Cryptocurrency works on a public-private key pairing system. Basically, every public cryptocurrency address (that is, your wallet address) is considered a ‘public key’. This public key has a matching ‘private key’ which allows you to access anything stored in your public key.

If anyone gets access to your private key, they will be able to completely drain your cryptocurrency and you will never be able to retrieve it. There is no central authority that you can go to for help. You have been warned!

Transferring cryptocurrency

Most cryptocurrencies work the same way when transferring them. You simply send your cryptocurrency from your wallet to another wallet address and then, depending on what cryptocurrency, it will be deposited into that address within a certain time-frame.

Note: Exchanges treat deposits and withdrawals differently. Exchanges have one shared wallet for everyone for each cryptocurrency called a ‘hot wallet’. When you withdraw from an exchange, a script is run in their back-end system that withdraws your funds from their hot wallet and sends them to the address you specified. Similarly, when you deposit to an exchange, they provide you with your own unique address to deposit to but then a script is run that sends your crypto to their hot wallet. In my experience, this comes with a certain level of risk so I strongly advise not using exchanges as a way to store your cryptocurrency under any circumstance.

How storage actually works

As I mentioned earlier, cryptocurrency works on a public-private key system. To put it simply, you can send your cryptocurrency to your wallet address (aka public key) and it will be stored there forever. You may be wondering where it’s stored. To answer this, I’ll use peer-to-peer torrenting as an example.

Most people will be familiar with how torrenting works but for those who aren’t, here’s a quick explanation. When downloading a file through torrenting, you simply download a torrent file, use a torrent program to open it and it will find ‘peers’ or ‘seeds’ to download from. These peers/seeds are just other computers/servers that are ‘seeding’ the torrent for you to download. So, instead of downloading from one central server, you are downloading from a cohort of computers/servers.

Cryptocurrency and blockchains work in a similar way in that the blockchain is stored on a peer-to-peer network of computers/servers called nodes or miners. Thus, all data that exists on the blockchain is stored on all these nodes within the network. So, in simple terms, your cryptocurrency is stored in this distributed network of nodes and miners.

Now that you (hopefully) understand how it all works, I can tell you that your private key is all you ever need to access your cryptocurrency. No matter if you lose access to the wallet software on your computer or you lose the USB backup you created - as long as you have access to your private key, you will ALWAYS be able to access your cryptocurrency from ANYWHERE in the world (providing you have an internet connection).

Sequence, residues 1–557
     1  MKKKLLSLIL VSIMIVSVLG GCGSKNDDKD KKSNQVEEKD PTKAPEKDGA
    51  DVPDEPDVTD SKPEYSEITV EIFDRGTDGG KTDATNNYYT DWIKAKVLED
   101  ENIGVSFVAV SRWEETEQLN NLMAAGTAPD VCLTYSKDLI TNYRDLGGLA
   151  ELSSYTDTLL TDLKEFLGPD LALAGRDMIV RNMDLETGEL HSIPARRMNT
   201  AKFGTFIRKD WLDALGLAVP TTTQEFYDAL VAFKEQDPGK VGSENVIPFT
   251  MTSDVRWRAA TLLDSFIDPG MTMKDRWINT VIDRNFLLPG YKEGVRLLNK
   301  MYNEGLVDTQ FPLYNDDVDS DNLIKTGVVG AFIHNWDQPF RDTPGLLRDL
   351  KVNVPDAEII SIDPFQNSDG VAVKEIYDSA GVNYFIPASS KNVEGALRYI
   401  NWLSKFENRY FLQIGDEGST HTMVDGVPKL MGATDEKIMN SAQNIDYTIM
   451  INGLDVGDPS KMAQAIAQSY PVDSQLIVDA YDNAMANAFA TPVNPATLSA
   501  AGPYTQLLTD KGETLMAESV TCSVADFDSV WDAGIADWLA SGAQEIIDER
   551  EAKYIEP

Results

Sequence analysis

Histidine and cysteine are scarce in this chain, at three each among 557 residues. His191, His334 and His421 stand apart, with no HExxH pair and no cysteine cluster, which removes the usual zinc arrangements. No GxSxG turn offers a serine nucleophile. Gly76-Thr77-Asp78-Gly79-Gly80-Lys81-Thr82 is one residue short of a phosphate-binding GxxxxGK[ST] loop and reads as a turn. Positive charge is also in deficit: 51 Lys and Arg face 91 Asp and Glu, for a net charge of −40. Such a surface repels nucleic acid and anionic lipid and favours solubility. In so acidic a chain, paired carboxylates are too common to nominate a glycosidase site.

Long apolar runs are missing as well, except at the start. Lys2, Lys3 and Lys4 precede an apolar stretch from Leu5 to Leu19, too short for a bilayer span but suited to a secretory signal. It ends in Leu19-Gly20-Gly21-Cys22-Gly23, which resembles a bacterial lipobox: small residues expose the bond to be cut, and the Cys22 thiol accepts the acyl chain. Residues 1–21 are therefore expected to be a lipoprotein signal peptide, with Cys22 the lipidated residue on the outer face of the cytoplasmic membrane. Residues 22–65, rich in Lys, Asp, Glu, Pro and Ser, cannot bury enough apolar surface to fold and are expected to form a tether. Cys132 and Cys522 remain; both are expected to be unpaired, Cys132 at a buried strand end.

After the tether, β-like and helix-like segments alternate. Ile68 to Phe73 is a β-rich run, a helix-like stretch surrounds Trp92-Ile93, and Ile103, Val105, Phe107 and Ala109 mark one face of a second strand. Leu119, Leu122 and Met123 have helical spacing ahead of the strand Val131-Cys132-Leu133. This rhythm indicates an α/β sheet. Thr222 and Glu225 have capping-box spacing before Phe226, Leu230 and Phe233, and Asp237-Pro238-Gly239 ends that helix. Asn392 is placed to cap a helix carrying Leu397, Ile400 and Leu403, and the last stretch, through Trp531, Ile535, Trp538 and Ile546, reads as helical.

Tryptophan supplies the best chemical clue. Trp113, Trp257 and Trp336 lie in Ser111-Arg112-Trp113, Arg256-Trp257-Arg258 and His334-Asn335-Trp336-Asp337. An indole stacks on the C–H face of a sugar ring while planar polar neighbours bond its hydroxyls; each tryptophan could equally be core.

I cannot stress how important it is for you to not share your private key with ANYONE or store it online or anywhere where someone is able to access it. It should always be stored offline and in a place that only you have access to it. The best way to store your private key is to write it down on a piece of paper and store it somewhere safe (and not tell anyone it’s location). If you do it this way, the only way for someone to ever know your private key is if they were monitoring your computer when you created your wallet. I’m getting too technical now, but just don’t ever share your private key with anyone (not even your dog) and you’ll be safe :)

Storage options

There are many storage options available. I’ll briefly go over each of them below with links for further reading. Note that there a lot of cryptocurrencies (commonly referred to as tokens) that exist on the Ethereum blockchain. This means that you can use your ethereum wallet address to store them. The full list of these tokens can be found here.

Computer storage

Each cryptocurrency has it’s own wallet software that can be installed on your computer and protected with a password. Head here for a comprehensive list of Bitcoin wallet options. Head here for the Ethereum wallet. Note that most computer software wallets require that you download the entire blockchain for that respective cryptocurrency (which is rather large for Bitcoin and Ethereum).